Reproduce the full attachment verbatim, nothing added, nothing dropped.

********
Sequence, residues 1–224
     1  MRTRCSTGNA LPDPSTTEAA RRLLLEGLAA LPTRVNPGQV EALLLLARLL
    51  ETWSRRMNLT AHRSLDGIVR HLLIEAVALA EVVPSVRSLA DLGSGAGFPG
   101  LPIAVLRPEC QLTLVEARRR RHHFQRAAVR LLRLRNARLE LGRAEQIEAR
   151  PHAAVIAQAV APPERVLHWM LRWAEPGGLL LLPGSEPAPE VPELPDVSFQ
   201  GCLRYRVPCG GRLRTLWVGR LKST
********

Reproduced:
Sequence, residues 1–224
     1  MRTRCSTGNA LPDPSTTEAA RRLLLEGLAA LPTRVNPGQV EALLLLARLL
    51  ETWSRRMNLT AHRSLDGIVR HLLIEAVALA EVVPSVRSLA DLGSGAGFPG
   101  LPIAVLRPEC QLTLVEARRR RHHFQRAAVR LLRLRNARLE LGRAEQIEAR
   151  PHAAVIAQAV APPERVLHWM LRWAEPGGLL LLPGSEPAPE VPELPDVSFQ
   201  GCLRYRVPCG GRLRTLWVGR LKST